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Eunymphicus - Horned Parakeets

Horned Parakeet

The Horned Parakeet (Eunymphicus cornutus) is endemic to New Caledonia. Its preferred habitat includes the humid pine forests on the island of New Caledonia, favoring areas where they can find Agathis and Araucaria pine trees. They live in pairs or small flocks and forage for seeds and nuts in the canopy.



Uvea Parakeets or Ouvea Parakeets



The Horned Parakeet got its name from the two black feathers (crest) with red tips that protrude from the head. It averages 12.5 - 13 inches or 32- 33 cm in length (including tail). The plumage is mostly green. The breast, abdomen and under tail coverts are yellowish-green. The lower back is greenish-yellow.

This parakeet has a yellowish nape with a black and red face and bluish wings and tail. The forehead and crown are read. The lores (the regions between the eyes and bill on the side of a bird's head) and frontal cheek area are black. The outer webs of the flight feathers are violet-blue. The irises are orange-red; the feet dark-grey and the bill pale bluish-grey with blackish tip.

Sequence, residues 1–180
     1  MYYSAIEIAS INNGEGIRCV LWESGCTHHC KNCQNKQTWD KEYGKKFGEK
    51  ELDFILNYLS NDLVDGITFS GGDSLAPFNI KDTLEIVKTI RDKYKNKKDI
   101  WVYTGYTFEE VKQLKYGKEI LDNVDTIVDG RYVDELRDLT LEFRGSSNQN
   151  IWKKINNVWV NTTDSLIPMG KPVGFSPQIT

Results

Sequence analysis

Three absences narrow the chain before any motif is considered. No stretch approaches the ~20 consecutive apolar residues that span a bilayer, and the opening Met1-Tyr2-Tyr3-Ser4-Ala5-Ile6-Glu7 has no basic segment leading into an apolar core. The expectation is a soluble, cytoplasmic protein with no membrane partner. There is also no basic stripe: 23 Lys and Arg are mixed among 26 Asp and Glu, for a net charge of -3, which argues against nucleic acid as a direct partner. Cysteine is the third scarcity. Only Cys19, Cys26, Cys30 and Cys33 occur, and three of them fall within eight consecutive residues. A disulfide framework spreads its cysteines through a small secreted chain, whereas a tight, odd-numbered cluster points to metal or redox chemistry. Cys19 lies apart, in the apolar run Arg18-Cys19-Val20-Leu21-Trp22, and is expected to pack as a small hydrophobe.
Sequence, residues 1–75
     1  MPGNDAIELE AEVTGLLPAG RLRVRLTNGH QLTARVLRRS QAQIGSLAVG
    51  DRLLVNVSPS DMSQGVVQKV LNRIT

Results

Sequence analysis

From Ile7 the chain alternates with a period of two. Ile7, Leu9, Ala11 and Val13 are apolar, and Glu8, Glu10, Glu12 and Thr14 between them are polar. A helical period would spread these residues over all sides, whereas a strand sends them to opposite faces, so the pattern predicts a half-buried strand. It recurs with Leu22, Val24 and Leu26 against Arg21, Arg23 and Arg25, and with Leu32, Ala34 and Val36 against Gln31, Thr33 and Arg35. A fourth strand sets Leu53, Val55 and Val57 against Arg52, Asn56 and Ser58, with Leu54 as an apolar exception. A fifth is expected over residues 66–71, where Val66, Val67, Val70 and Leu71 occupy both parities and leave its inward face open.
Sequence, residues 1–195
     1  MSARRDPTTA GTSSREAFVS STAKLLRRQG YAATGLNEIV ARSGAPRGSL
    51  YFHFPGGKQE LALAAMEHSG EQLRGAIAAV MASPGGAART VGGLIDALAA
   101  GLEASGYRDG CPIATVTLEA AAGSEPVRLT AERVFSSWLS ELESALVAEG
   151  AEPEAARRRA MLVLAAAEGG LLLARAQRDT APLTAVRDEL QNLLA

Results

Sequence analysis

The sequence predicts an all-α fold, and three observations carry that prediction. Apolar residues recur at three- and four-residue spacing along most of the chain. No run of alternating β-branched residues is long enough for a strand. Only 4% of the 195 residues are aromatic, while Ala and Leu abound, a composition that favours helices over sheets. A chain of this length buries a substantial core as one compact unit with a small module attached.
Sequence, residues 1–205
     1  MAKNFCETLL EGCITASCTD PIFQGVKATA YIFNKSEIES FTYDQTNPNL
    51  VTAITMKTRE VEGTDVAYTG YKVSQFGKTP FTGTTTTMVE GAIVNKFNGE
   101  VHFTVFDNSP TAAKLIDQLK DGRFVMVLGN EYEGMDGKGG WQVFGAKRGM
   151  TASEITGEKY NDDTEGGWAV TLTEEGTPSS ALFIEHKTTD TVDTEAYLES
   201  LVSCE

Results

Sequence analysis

Young birds look like adults, but their plumage is duller. They have dark irises and the bill is horn-colored.



Its contact call sounds like a nasal "kho-khoot." They can also be heard making a wide range of shrieks and chuckles.


Breeding / Nesting

They nest on the ground or in trees. The average clutch size consists of 2 - 4 eggs, which are incubated for 21 - 23 days.


Current Status

This bird has declined since the 1880s, but it is still found in a wide range on New Caledonia and recent population estimates believe that there are 1000-2500 birds left.



Class: Aves ... Order: Psittaciformes

Family: Psittacidae ... Sub-Family: Psittacinae ... Genus: Scientific: Eunymphicus ... English: Horned Parakeets ... Dutch: Hoornparkieten ... German: Hornsittiche ... French: Perruche cornue

Species: Scientific: Eunymphicus cornutus cornutus ... English: Horned Parakeet ... Dutch: Hoornparkiet ... German: Hornsittich ... French: Perruche cornue ... CITES II - Endangered Species

Species Research by Sibylle Johnson


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